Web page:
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  • Mobile health (mHealth): Health care and public health practice and education supported by mobile communication devices such as cell phones, tablet computers, and personal digital assistants (PDA).

 

  1. Why are there two teledentistry CDT Codes, but four delivery modalities?

 

Delivery of Remote Patient Monitoring (RPM) and Mobile Health (mHealth) may occur in either a synchronous or asynchronous information exchange environment.

 

  1. What prompts the need for teledentistry?

 

Teledentistry is a means to an end - a patient's oral health. The reason or reasons why a teledentistry event occurs depends on the circumstances, such as when all persons who must be involved are not able to be in the same physical location. Another determining facet is the judgment of the dentist or other oral health or general health practitioner, all acting in accordance with applicable state law, regulation or licensure.

 

  1. How is a teledentistry event affected when the health care practitioners are in different states?

 

A teledentistry event is subject to applicable state law, regulation or licensure. All involved persons (the dentist or other oral health or general health care practitioner) must determine if a teledentistry event can occur when all participants are not in the same state.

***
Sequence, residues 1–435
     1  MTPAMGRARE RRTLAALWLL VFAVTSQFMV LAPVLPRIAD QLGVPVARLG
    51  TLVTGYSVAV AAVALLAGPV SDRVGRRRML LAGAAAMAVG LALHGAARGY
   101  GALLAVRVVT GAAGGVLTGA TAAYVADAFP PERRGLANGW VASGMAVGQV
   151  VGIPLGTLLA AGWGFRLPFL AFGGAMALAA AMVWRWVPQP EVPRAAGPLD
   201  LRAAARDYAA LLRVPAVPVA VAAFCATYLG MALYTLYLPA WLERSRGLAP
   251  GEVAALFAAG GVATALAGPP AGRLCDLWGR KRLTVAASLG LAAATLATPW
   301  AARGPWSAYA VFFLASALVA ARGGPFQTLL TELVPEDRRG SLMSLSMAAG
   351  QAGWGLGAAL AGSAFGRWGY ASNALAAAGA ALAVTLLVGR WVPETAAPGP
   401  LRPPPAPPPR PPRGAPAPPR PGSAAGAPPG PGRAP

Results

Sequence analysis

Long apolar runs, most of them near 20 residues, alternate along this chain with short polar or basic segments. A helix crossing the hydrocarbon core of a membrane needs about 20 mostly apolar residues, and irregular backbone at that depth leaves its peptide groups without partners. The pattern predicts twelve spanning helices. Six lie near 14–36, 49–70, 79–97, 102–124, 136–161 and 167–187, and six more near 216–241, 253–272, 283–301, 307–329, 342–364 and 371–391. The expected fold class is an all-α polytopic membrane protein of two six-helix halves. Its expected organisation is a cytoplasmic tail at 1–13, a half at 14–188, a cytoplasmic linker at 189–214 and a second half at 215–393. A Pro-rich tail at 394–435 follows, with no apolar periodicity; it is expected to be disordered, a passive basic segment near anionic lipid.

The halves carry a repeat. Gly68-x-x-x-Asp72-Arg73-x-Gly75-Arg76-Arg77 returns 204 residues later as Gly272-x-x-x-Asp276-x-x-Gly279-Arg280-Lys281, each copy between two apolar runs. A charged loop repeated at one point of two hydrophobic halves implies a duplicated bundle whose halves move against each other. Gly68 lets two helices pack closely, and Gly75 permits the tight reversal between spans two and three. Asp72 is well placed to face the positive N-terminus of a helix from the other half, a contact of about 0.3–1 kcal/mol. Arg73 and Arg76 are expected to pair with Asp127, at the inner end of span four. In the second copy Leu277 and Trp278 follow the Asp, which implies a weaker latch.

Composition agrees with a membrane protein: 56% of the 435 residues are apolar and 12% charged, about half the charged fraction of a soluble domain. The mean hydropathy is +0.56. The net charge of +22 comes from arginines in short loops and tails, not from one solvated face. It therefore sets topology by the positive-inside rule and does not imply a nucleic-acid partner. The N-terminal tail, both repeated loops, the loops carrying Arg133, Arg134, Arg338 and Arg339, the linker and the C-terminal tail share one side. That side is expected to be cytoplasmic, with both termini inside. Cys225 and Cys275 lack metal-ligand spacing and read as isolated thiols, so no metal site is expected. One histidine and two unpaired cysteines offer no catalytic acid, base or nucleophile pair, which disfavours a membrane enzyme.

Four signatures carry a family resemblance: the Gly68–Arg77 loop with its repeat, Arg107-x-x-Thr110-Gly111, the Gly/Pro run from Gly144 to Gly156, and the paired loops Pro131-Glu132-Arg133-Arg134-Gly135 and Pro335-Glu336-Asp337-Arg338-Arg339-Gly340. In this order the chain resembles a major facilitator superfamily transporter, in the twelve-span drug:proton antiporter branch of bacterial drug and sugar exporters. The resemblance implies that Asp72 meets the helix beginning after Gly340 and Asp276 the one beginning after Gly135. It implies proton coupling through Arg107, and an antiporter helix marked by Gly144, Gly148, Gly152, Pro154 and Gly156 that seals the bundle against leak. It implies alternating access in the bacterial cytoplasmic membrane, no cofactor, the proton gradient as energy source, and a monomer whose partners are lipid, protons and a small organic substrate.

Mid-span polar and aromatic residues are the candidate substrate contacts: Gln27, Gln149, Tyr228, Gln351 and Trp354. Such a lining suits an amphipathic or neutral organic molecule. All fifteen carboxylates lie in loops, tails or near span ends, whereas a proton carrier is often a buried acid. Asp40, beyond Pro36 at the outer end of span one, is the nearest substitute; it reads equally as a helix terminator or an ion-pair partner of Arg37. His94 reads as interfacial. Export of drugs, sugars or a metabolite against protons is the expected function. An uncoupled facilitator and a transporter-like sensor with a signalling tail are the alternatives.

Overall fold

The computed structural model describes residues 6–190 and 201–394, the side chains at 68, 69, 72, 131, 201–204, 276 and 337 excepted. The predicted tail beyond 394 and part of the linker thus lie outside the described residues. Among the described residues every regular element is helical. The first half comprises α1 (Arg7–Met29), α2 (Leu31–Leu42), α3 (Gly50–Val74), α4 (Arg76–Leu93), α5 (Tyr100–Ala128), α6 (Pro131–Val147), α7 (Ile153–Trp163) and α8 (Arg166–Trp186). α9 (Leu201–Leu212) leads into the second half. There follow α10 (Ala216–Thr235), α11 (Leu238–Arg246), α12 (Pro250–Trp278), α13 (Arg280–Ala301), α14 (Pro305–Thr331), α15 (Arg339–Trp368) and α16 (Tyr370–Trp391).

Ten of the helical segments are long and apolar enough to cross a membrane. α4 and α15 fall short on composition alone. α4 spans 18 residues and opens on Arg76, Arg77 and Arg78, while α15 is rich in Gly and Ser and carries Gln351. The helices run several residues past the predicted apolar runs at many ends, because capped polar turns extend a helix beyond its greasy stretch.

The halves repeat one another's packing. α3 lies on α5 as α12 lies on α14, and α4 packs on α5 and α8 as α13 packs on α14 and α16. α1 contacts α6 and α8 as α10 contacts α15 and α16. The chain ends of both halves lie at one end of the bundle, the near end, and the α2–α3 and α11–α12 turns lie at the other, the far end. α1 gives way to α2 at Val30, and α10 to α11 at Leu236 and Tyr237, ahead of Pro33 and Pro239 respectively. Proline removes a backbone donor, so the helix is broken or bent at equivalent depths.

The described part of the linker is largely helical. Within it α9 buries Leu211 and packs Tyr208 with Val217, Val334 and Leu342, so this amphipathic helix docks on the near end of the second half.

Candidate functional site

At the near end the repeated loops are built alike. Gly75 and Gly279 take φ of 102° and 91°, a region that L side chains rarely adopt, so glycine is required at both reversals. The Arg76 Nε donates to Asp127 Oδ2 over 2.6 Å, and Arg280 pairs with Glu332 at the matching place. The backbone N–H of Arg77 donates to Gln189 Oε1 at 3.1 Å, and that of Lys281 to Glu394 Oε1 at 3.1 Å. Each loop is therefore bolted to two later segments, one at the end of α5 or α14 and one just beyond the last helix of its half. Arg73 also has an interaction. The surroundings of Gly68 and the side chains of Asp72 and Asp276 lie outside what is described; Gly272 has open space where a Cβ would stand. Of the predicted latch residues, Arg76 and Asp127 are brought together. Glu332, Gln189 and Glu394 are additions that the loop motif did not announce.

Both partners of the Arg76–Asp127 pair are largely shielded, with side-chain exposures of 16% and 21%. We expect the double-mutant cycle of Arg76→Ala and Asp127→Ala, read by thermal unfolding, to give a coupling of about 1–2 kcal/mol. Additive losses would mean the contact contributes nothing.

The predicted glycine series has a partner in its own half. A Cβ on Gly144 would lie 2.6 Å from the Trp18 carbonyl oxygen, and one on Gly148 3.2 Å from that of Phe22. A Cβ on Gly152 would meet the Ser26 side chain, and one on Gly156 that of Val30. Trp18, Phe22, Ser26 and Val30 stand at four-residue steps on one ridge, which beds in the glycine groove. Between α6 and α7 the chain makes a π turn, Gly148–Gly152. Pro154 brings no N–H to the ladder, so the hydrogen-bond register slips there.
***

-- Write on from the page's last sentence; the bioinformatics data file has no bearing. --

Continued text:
1. What are the notable attributes of a synchronous encounter reported with D9995, and asynchronous teledentistry reported with D9996?

 

Synchronous teledentistry (D9995) is delivery of patient care and education where there is live, two-way interaction between a person or persons (e.g., patient; dental, medical or health caregiver) at one physical location, and an overseeing supervising or consulting dentist or dental provider at another location. The communication is real-time and continuous between all participants who are working together as a group.  Use of audiovisual telecommunications technology means that all involved persons are able to see what is happening and talk about it in a natural manner.

 

Asynchronous teledentistry (D9996) is different as there is no real-time, live, continuous interaction with anyone who is not at the same physical location as the patient. Also known as store-and-forward, asynchronous teledentistry involves transmission of recorded health information (e.g., radiographs, photographs, video, digital impressions and photomicrographs of patients) through a secure electronic communications system to another practitioner for use at a later time.

 

  1. Who would document and report a D9995 or D9996 CDT Code?

 

The dentist who oversees the teledentistry event, and who via diagnosis and treatment planning completes the oral evaluation, documents and reports the appropriate teledentistry CDT code. Applicable state regulations may also determine the oral health or general health practitioner who documents and reports these codes.

 

As noted in their descriptors, either one or the other teledentistry code is reported in addition to other procedures delivered to the patient on the date of service.  In addition, both the individuals collecting records in the off-site setting and the dentist reviewing the records should document those activities in the progress notes in the patient's chart.